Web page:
Hoteliers embrace the Age of Authenticity
 
Hoteliers embrace the Age of Authenticity
21 AUGUST 2015 8:24 AM
Unique experiences delivered through an authentic desire to serve are the drivers of the hotel industry’s success, according to speakers during  the Southern Lodging Summit in Memphis.
MEMPHIS, Tennessee—Just because the Age of Authenticity firmly envelopes the hotel industry, it doesn’t mean property-level and brand consistency will lose its importance. But the cookie-cutter approach embraced by the industry for the past 30 years could be in trouble, according to speakers at Wednesday’s Southern Lodging Summit at Memphis.
 
Speaking on the opening presidents’ panel, Robert Cole of Atlanta-based Hospitality Ventures Management Group said there’s no question the authenticity of an experience is what drives guests.
 
“Guests want to stay in a hotel that’s connected to the neighborhood, connected to the locale,” said Cole, HVMG’s president and COO.
 
“Guests are demanding authentic experiences in locations where they’re staying,” added Michael Tall, president and COO of Charlestowne Hotels. “They want to tell a story in their social network. There’s no way we could begin developing something that doesn’t have a story behind it.”
 
Mitch Patel, president & CEO of Chattanooga, Tennessee-based Vision Hospitality Group, agreed.
 
“Social media has changed things tremendously and allowed us to want to experience more authentic experiences more than ever,” Patel said.
 
The hotel industry needs to look no further than upstart competitors such as Airbnb as proof that authentic experiences are at the top of consumers’ priority lists, he added.
 
The technology aspect is an integral piece of the authenticity puzzle, too, speakers said.
 
“In terms of uniqueness and authenticity … it’s about pulling back the magic curtain of operations and putting that in front of the guests,” said Dana Shefsky, director of digital product innovation for Hilton Worldwide Holdings, during the “Putting technology in the comfort zone” panel.
 
Hilton’s digital check-in process that allows guests to choose their own room via the brand’s app is a prime example of that, she said.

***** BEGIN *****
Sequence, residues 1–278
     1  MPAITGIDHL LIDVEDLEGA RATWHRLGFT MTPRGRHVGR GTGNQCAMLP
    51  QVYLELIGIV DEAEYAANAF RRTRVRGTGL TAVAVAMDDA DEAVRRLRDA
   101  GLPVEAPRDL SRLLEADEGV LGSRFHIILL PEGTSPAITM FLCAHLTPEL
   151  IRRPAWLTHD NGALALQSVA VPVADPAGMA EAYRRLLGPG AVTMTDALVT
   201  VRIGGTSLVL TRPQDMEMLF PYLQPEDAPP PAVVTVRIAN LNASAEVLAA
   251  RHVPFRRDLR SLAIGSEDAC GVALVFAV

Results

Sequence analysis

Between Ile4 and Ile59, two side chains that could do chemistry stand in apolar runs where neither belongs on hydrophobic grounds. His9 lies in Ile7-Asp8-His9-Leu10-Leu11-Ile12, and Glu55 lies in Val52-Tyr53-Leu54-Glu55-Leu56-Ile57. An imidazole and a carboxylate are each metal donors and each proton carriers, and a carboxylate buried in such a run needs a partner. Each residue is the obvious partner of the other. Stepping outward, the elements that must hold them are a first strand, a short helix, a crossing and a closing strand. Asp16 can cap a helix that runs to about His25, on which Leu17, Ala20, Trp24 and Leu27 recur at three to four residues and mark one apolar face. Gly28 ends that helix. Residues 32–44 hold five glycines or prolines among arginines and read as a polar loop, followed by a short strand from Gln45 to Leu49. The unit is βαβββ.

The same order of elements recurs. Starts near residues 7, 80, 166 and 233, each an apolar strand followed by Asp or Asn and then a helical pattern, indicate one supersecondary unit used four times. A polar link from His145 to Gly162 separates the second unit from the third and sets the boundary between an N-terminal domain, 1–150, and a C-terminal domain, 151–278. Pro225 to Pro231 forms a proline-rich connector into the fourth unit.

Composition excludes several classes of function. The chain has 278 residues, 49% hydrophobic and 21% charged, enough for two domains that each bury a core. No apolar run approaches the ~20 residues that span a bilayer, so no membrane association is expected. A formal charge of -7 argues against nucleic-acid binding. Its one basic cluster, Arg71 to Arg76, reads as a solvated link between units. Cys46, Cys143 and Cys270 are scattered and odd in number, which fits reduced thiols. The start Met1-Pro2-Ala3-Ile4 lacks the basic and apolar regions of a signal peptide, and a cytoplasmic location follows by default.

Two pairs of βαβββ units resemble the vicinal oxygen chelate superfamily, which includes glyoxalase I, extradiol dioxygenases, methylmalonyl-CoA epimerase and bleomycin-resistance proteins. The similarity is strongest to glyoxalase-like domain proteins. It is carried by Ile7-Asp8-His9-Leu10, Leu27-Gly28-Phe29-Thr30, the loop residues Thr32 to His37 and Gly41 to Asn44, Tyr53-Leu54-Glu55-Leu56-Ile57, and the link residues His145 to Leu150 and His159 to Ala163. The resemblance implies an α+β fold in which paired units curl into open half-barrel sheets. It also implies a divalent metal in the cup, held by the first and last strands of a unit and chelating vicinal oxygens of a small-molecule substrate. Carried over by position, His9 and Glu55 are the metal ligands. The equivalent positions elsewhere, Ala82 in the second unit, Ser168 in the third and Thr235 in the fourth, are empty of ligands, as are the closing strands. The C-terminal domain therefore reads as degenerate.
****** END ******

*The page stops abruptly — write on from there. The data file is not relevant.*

“That meant giving our guests control over the choice that our front desk traditionally made,” Shefsky said. “We’re going to see that trend continue.”
 
The focus on authenticity carries right to the bottom line, according to Ron Hardin, VP of technology for Atlanta-based Davidson Hotels & Resorts.
 
“The authenticity in the hotel guest experience … guest satisfaction is closely monitored and factored into everything we do,” he said during the “Technology” panel.
 
People are the answer
The authentic experience goes far beyond the physical presence of a hotel, according to speakers. The hotel industry is all about the people it employs. 
 
Patel said the “culture trumps strategy” adage fits well in the hotel business.
 
“It’s very important to understand we’re not in the real-estate business,” he said. “We’re in the people-service business. That’s a differentiator between other businesses (such as Airbnb).”
 
Vision subscribes to the “put the squirrel in the tree and the fish in the sea” mentality that places the right employee in the right position to best use their strengths, according to Patel.
 
Cole agreed.
 
“We’re trying to hire for the heart, for the passion,” Cole said, adding that HVMG has shifted its hiring practices to emphasize a service mentality over technical skills. “The No. 1 satisfier for employees … isn’t wages, although you certainly have to be competitive. (It’s) who they work for.”
 
“More important than design and what’s in the hotel is the personality of the people you hire,” added Julienne Smith, senior VP of real estate and development for Chicago-based Hyatt Hotels Corporation, during the “Designing for the future guest” panel.
 
The authenticity angle also means there needs to be a different approach to training and operations, according to the speakers.
 
“Gone are the days we all probably grew up in … the particular training where you greet every guest in a certain way, this is the way you point,” Tall said. “That’s not authentic. In the space we operate in, (guests) see right through that.”
 
It’s essential for every employee-guest interaction to be conversational so guests feel the authenticity, according to Smith.
 
“We’ve done away with our scripts at all of our hotel brands because it isn’t authentic,” she said. “Nothing trumps the personal experience and human connection.”
 
However, the overall design of a hotel can’t be underestimated when considering an authentic experience, speakers said.
 
“The piece about the authenticity is vital,” Tall said. “Every hotel needs to be designed in a certain way as it pertains to service.”
 
But that isn’t as easy as it sounds given the multiple age demographics of guests that are dominating the hotel landscape.
 
“The challenge is to design a hotel that bridges the gap between the retiree, the Gen Xer and the millennials,” said Kim Bardoul, consultant with The Highland Group, during the “Designing” panel.
 
Moderator Lee Davis, designer/BIM model manager for Nashville,Tennessee-based Earl Swensson Associates, agreed during the “Designing” panel that authenticity is important, but it can be a bit of a catch-22 situation for millennial travelers.
 
“What we also want to see more of in these hotels is vibrant public spaces,” Davis said. “As for room sizes, you can put me in a closet; as long as there is Wi-Fi, I’ll be happy.”
 
Smith said the authenticity must apply to the F&B outlets as well, especially when it comes to having a great local restaurant that speaks to the neighborhood.
 

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